According to Article 40.1 of the EU General Data Protection Regulation (GDPR), the national supervisory authorities in the European Economic Area shall “encourage the drawing up of codes of conduct intended to contribute to the proper application” of the GDPR. A prerequisite for codes of conduct to be prepared by Swedish associations and bodies, which represent categories of personal data controllers or processors, is that the Swedish Data Protection Authority (IMY), pursuant to Art. 41 GDPR, has to establish the requirements that will apply to their accreditation bodies, the so-called supervisory bodies, which will be responsible in monitoring compliance with the code of conduct by the controllers or processors that undertake to apply it.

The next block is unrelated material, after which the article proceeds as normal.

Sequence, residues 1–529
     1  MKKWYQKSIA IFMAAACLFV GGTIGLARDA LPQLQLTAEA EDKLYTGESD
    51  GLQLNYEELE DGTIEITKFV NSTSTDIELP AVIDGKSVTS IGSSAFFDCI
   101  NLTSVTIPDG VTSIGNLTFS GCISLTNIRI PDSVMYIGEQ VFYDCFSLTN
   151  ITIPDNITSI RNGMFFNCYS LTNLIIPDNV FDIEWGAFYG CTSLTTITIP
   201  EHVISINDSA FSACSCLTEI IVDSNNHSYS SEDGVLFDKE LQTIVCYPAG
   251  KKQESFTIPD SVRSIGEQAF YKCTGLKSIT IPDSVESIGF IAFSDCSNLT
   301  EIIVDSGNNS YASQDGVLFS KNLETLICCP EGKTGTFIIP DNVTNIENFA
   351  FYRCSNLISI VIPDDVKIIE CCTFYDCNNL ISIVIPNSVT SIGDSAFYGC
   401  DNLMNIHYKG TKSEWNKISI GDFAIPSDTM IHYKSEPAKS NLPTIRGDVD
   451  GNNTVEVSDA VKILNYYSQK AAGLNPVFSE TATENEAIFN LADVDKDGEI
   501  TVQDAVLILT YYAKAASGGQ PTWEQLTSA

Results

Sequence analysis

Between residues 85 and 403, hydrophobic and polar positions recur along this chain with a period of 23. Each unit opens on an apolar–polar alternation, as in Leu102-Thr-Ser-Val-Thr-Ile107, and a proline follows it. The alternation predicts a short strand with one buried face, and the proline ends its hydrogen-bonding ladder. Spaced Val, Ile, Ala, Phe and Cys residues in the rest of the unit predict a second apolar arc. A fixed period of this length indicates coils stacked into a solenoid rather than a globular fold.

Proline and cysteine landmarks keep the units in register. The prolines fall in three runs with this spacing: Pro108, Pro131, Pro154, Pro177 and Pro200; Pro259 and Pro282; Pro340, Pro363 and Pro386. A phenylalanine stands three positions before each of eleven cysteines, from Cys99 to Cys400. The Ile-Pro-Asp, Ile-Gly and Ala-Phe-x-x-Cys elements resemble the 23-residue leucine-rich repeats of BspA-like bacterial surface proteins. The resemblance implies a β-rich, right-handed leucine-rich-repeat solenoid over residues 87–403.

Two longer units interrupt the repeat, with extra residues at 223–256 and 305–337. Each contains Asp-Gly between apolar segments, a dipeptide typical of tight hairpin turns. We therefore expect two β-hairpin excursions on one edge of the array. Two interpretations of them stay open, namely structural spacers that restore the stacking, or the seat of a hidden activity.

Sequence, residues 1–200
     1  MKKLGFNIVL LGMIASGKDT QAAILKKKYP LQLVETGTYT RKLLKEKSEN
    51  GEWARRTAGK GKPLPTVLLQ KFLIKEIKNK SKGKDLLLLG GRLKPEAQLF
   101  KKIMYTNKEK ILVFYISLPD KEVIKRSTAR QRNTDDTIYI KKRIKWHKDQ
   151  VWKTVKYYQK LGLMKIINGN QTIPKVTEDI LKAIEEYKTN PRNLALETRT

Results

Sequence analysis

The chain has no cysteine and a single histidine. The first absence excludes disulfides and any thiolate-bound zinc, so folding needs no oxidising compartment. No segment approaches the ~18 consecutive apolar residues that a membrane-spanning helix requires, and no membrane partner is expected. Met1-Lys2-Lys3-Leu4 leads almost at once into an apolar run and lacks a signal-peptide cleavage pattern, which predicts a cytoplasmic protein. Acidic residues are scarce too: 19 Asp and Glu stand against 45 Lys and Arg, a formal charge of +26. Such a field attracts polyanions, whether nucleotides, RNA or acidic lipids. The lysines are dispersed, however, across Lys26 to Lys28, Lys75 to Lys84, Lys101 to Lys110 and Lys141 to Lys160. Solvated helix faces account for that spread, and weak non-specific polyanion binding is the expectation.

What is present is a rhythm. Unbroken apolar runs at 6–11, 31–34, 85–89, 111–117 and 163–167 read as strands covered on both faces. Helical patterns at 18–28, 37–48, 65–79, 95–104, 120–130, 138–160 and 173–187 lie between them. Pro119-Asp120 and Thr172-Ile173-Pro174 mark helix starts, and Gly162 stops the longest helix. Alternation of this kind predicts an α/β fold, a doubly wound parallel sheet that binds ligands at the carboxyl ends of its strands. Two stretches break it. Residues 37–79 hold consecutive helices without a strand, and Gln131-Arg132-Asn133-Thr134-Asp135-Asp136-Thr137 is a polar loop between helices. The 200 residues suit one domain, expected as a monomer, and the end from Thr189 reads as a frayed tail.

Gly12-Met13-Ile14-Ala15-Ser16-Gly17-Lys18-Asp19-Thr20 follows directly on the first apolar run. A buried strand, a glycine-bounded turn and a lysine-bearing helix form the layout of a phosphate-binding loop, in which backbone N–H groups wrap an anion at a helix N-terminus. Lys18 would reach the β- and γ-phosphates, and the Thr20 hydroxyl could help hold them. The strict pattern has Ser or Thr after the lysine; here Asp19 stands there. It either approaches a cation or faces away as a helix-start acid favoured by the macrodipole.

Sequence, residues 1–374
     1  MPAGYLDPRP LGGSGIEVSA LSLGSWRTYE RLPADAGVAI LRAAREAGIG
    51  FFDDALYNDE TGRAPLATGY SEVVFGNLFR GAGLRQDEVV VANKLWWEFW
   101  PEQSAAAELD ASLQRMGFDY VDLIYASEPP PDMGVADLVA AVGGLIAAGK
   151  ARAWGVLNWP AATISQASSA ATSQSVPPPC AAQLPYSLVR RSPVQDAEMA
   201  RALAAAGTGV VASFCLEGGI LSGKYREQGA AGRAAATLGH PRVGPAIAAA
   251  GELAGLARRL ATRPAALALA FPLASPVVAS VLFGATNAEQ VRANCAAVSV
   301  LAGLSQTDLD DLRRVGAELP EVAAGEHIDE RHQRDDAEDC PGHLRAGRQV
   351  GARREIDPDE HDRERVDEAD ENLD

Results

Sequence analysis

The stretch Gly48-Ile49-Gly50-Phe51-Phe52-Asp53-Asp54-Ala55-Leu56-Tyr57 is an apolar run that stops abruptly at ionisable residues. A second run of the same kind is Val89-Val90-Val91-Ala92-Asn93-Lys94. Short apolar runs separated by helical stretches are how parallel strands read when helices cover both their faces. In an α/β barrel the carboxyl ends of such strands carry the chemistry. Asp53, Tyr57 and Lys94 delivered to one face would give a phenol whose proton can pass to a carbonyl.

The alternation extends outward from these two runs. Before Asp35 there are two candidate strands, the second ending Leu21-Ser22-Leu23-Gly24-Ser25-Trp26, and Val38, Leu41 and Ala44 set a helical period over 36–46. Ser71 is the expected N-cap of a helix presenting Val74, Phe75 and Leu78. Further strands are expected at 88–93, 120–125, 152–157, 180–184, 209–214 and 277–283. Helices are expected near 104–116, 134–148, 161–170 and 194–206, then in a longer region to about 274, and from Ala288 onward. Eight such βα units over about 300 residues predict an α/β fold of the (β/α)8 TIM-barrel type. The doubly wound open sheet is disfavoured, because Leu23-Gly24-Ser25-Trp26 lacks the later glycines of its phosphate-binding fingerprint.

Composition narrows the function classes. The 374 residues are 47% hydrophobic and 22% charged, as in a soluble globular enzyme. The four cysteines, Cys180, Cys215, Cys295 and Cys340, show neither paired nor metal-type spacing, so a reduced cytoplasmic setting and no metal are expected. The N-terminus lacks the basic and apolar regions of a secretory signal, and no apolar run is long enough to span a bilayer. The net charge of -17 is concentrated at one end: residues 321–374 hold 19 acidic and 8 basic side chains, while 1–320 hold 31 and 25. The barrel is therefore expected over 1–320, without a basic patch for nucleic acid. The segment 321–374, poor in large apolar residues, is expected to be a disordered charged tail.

In a judgment delivered on 9 July 2020, the CJEU held that a new therapeutic application for an authorised medicinal product cannot be the subject of a supplementary protection certificate (SPC). This clarifies the position on an issue that has been unclear for nearly a decade, but will be unwelcome to companies in the healthcare and life sciences sector who have invested, and continue to invest, in the development of new therapeutic applications for authorised products. It will have a significant impact on pending SPC applications relating to second medical uses.